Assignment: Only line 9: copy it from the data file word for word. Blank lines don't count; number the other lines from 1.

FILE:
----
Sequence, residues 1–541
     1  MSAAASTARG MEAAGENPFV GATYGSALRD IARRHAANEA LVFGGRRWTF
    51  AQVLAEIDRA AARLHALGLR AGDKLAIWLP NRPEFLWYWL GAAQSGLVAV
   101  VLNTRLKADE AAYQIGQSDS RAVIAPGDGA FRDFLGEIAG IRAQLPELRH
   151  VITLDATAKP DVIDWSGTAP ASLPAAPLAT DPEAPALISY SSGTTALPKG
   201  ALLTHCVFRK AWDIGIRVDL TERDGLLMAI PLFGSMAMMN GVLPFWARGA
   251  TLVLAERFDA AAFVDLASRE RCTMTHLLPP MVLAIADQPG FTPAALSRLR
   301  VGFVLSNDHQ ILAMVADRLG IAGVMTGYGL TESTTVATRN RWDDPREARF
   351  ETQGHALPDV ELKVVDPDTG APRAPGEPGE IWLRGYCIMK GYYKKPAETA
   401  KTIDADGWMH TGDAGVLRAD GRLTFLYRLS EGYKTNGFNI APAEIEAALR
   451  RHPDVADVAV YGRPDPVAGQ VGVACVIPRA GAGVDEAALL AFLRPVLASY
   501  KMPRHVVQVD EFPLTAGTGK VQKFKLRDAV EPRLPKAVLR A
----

   351  ETQGHALPDV ELKVVDPDTG APRAPGEPGE IWLRGYCIMK GYYKKPAETA